Exclusive interview with Wayne Toups
Certainly one of the most exciting musicians to come out of Acadiana is Wayne Toups. This Grammy Award-winning singer, songwriter and accordionist created his own style of music, Zydecajun — a fusion of Cajun sounds and the rhythms of zydeco, with elements of soul music and southern rock mixed in. The 2013 Grammy Award for Best Regional Roots Album is the high-water mark in a wave of recent career triumphs for Toups. In 2009, he earned an Album-of-the Year award from Offbeat magazine. In 2010, he was inducted into the Louisiana Music Hall of Fame. In 2011, he entered both the Gulf Coast Hall of Fame and the Cajun French Music Hall of Fame. Toups expressed his excitement about playing at the upcoming Gift of Life fundraiser Champagne & Ribs on Thursday, April 10 in Beaumont in an interview with The Examiner.
How excited are you to be performing in Beaumont and for this worthy cause? The Golden Triangle is really a great area for us, and we enjoy coming that way and entertaining. As far as the event, it’s fabulous that people get together and do something for a great cause and invite me to be a part of it. As we all get older, we worry about prostate (cancer) all the time. After you turn 40, you have to address the situation. So, we feel very fortunate that we’re able to be a part of this event.
You recently played at the Orange Mardi Gras celebration. What was the reception like?
The reception was absolutely great. They love us around here. I did see new faces and made new fans. The fan base continues to grow. We look forward to going back.
Why do you think Southeast Texans enjoy Cajun and Zydeco music maybe just as much as Louisianans do?
Back in the ’50s, a lot of people from Louisiana moved to the Golden Triangle area — Orange, Port Arthur, Port Neches, Nederland, Beaumont — for work. They ended up staying.
What was the experience of winning a Grammy Award like for you? I still haven’t come down from the cloud yet. First of all to be nominated for some-thing like that, you’ve already won — win or lose. Getting the trophy is the icing on the cake. It’s like winning the MVP for a Super Bowl. You win awards around here you really appreciate. You win Best Cajun Band and Best Cajun Vocalist or Best Cajun Accordionist, and I cherish those awards too. But get-ting nominated for a Grammy, you’re actually in the middle of the mecca of music. I’m still on cloud nine. People work hard all their life and I got invited to the big show. The Good Lord has been wonderful.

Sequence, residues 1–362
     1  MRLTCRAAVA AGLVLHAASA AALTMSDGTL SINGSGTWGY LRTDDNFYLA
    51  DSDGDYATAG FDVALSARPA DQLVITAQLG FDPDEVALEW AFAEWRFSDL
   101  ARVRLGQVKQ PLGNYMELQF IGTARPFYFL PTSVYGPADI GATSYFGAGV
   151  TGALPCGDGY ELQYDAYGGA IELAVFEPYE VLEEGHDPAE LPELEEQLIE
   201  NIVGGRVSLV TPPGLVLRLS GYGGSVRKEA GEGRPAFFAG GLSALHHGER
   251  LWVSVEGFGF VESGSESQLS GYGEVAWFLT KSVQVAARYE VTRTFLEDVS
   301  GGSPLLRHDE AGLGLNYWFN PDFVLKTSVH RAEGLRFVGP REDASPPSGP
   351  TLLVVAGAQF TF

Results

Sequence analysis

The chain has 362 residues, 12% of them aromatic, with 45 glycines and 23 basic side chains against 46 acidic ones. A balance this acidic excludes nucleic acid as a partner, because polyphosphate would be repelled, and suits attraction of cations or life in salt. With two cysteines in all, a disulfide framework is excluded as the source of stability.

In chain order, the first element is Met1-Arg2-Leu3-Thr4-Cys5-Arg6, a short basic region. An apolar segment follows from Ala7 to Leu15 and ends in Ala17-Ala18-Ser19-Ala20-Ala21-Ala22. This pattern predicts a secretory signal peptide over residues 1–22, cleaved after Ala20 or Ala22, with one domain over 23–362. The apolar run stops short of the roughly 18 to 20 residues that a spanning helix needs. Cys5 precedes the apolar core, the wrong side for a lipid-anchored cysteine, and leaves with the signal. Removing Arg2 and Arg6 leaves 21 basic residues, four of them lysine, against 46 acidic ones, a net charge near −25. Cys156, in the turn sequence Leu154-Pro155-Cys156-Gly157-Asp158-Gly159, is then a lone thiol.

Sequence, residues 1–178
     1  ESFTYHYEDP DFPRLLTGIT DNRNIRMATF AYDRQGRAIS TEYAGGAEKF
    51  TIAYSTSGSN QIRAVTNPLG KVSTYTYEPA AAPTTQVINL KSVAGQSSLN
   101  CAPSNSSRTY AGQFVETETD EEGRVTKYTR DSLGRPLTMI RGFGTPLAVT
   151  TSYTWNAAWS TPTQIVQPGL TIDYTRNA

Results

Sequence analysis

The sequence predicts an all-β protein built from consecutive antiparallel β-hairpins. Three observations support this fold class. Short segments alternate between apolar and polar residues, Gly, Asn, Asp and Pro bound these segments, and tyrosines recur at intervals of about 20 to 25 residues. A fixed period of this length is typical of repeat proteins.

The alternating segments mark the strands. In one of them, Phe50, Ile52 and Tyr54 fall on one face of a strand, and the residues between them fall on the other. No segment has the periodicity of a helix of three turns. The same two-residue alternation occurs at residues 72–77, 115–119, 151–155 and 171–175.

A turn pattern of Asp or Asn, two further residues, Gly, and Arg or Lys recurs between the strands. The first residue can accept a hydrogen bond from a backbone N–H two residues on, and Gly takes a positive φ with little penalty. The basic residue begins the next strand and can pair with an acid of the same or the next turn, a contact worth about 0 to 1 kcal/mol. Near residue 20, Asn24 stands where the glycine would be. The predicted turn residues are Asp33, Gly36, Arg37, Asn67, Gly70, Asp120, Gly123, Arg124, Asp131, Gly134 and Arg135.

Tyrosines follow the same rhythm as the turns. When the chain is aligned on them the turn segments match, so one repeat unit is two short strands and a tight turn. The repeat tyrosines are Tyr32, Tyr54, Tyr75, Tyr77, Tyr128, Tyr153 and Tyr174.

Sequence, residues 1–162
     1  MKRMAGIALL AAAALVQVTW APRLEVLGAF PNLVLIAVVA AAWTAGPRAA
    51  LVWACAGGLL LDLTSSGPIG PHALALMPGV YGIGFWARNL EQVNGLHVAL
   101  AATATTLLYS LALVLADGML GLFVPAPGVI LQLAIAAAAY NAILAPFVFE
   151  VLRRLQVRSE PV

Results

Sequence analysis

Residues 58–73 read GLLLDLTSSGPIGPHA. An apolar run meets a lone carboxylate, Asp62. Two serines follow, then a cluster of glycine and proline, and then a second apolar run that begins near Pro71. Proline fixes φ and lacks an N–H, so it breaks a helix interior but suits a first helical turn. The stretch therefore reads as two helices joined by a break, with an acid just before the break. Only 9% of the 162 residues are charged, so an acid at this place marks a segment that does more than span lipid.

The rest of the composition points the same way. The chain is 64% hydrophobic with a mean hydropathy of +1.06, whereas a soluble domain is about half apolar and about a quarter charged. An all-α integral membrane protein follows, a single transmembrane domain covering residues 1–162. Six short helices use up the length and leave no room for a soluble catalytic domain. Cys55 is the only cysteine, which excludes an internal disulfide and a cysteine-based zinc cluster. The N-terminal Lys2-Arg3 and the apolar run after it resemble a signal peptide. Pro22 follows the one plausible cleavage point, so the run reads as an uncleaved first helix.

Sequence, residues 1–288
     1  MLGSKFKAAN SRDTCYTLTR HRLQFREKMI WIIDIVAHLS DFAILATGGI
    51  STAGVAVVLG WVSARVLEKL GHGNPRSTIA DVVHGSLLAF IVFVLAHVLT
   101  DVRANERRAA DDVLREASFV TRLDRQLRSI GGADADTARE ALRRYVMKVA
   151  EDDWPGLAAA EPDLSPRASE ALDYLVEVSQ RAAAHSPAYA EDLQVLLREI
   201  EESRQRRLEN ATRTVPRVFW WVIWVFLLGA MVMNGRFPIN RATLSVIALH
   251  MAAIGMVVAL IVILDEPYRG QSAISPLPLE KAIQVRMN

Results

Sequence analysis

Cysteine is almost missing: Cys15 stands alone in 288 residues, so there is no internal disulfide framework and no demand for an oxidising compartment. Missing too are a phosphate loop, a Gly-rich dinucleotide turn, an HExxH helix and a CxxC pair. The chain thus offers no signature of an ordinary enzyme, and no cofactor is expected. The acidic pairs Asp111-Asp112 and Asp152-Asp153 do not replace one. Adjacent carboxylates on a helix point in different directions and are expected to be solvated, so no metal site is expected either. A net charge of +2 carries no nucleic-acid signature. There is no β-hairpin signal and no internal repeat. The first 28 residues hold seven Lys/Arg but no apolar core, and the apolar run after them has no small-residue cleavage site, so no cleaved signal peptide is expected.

Are you pretty attached to the award? Do you carry it around with you when you go on tour?
Awards are to be put on a shelf at the house. I carry the award with me in my heart.
When did you come up with the signature sound of Zydecajun? It was around 1985 that we started dabbling in this musical fusion. I always did love southern rock and rhythm and blues. My soul-singing heroes were Aretha Franklin and Otis Redding and Percy Sledge – that old Motown sound. But I loved southern rock — The Allman Brothers, Lynyrd Skynyrd, Little Feat, Delbert McClinton. I grew up with this thick Cajun accent singing all those old Cajun songs, but as I matured as a singer, I starting singing with more blues notes. That is the soul and the compassion that people develop over the years of hardship, losing loved ones and stuff like that. I called it Zydecajun because I always thought it was a Cajun rhythm and blues that’ll rock your socks off.
When did you first start playing the accordion, and how difficult is the instrument to play?
My brother taught me my first song probably right at the beginning of 1972. Growing up I was learning how to play like all my Cajun heroes … but after a while I wanted to explore playing the accordion as an instrument and not just an accordion that played French music or zydeco music. I don’t know how it is for other accordion players, but I do know that the Good Lord had a hand in mine. To me, nobody learns how to play the accordion like I do on his own. You have to have the Good Lord in your life and he has to do something to you to make you play the way I play. I think being innovative and pushing the accordion to the limit is a lot of fun and definitely a challenge.
I heard you are working on a new album.
We have 12 songs that we have already tracked. I’ve got a few surprises in there. There are about half a dozen songs on there that … people have never heard me sing that way. But I wouldn’t be messing with them if I didn’t think it deserved attention. I put my heart on the line all the time when it comes to those songs. We have some songs that are going to be radio friendly and people are going to dig what we are doing. Some of the traditionalists are going to say, “Are you goin’ the middle of the road?” No, I’m not. If I feel a song, and I can make the song mine, then it’s my song. Does it make a difference which genre it is? It could be blues, rock, country, Cajun whatever. If I feel the song, then I can make the song mine.
What else are you working on? I’m working on a documentary right now. The story about my life. I started from the beginning from 1972. We’ve probably got about half a dozen hours into it. We’re about finished. We’ll probably have about 48 minutes when we’re finished. You can go on YouTube and see about a five-minute thing (YouTube - Wayne Toups: Do What You Gotta Do) on there.
What do you see for the future of Wayne Toups?
Everybody dreams about radio play. I would love to have that. That’s one of my goals. We’ll continue to move that direction — to have our songs heard by the multitude by getting radio play. Continue to keep our eyes straight ahead. Continue to make great music and make more fans. Enjoy what we do, that’s the No. 1 thing. I continue to enjoy it now more than ever. I never want to retire.